Right now, a cross-section of technologies and disciplines – from sensors, artificial intelligence and big data to biotech and robotics – are being used by progressive startups to boost global food supplies. For example, Hortau systems is increasing watering efficiency through smart monitoring, which in turn increases plant yield. Phytech is optimizing crop production with its “Plant Internet of Things” – smart devices in fields that send simple colour-coded alerts to smartphones with recommendations and warnings. Meanwhile, the Israeli-based CropX uses hardware and software to measure soil moisture, conductivity and temperature, allowing farmers to save water.
I can’t stress this enough: this disruption is so unique precisely because it’s utterly necessary. Unlike Apple’s continuous need to convince consumers to purchase new products via planned obsolescence, the agtech market will grow organically (indeed, exponentially) over time, giving early entrants an edge and access to an ever-increasing customer base.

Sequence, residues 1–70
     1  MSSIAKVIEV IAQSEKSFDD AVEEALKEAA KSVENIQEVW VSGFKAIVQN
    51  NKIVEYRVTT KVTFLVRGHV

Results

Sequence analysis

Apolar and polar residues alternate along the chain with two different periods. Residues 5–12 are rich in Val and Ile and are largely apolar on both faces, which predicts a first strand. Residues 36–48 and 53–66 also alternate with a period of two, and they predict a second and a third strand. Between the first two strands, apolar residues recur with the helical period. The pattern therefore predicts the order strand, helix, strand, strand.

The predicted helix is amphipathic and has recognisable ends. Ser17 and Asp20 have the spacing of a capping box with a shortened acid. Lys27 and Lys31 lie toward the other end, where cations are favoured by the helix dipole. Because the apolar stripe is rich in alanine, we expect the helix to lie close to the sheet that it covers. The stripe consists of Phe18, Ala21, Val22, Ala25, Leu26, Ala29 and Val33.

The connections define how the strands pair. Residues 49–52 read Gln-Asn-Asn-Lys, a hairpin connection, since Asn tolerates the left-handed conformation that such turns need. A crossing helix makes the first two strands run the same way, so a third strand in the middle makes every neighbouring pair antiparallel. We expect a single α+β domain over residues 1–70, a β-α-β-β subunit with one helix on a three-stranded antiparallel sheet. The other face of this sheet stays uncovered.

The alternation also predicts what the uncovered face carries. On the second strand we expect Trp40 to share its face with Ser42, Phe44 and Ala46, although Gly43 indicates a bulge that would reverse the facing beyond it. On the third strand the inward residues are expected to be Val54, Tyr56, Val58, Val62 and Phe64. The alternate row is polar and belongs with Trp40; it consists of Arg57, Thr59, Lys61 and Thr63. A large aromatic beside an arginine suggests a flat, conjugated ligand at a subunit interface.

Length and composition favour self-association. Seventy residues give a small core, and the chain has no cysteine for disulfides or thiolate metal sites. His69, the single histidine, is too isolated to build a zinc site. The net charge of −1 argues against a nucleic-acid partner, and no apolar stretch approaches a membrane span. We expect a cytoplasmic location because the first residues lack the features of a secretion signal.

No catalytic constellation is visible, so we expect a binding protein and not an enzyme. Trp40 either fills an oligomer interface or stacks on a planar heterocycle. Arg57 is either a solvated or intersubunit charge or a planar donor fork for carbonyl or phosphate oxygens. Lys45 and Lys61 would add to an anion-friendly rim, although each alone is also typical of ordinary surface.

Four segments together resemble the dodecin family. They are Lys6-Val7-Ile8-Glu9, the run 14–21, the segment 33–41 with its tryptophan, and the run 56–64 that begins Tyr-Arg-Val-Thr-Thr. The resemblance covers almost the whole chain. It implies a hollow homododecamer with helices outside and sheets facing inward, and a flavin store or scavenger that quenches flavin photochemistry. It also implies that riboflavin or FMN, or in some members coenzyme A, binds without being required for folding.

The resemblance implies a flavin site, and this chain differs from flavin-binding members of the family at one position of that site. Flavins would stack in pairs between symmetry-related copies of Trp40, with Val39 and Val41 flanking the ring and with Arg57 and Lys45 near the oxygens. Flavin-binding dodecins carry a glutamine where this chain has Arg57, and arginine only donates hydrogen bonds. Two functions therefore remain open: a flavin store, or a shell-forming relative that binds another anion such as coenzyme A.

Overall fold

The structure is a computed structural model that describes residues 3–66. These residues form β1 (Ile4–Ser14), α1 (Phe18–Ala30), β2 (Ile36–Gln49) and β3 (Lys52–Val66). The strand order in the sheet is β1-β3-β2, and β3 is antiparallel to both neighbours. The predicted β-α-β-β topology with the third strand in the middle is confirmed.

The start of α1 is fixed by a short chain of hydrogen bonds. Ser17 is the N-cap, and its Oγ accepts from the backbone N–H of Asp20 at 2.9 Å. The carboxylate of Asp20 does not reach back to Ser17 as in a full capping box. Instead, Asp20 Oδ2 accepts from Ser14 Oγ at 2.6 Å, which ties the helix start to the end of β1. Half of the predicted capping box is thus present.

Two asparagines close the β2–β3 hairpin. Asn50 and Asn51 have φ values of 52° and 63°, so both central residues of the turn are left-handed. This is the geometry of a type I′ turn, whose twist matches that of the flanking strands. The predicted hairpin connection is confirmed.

Apart from the pressing need to keep us fed, agtech addresses another crucial pain point: keeping farming viable for the next generation of people who grow our food.
Farmers have never been shy about embracing new technologies – the wheel, tractors and chemical compounds in fertilizers a just few that have made a world of difference through the centuries. Yet a yawning tech gap in farming has emerged in recent decades, with real-life consequences. In our approaches to land management, resource use, labour, transportation and more, we’re firmly stuck in an outdated industrial model – emphasizing large-scale farms and massive output at all costs, while ignoring externalities from environmental impact to financial repercussions and human tolls.
Case in point: conventional farming is largely viable today because it’s propped up with massive government subsidies. The US currently pays around $25 billion to farmers annually. But even with a cash infusion, it’s still a tough go for today’s farmers. The world’s most important career has notoriously tight margins and is often a losing proposition. (Grapes, for example, bring in as little as $6 of profit per acre, and they are considered a higher-profit crop.) It’s little wonder that young people aren’t stepping into the industry anymore. (Britain is even facing a farmer shortage.)
All of which is to say: our current methods of commercial farming got us to where we are, but the way we farm now isn’t sustainable for the planet, for individuals or for societies long-term. But agtech is already playing a role here to reduce loss and overhead while adding more predictability, and profit, to the job.